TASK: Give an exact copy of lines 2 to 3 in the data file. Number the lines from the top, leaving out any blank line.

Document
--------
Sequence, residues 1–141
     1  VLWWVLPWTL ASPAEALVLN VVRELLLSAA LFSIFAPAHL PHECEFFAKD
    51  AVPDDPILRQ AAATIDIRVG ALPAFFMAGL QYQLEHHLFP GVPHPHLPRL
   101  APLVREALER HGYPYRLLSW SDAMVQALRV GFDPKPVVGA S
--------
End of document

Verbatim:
     1  VLWWVLPWTL ASPAEALVLN VVRELLLSAA LFSIFAPAHL PHECEFFAKD
    51  AVPDDPILRQ AAATIDIRVG ALPAFFMAGL QYQLEHHLFP GVPHPHLPRL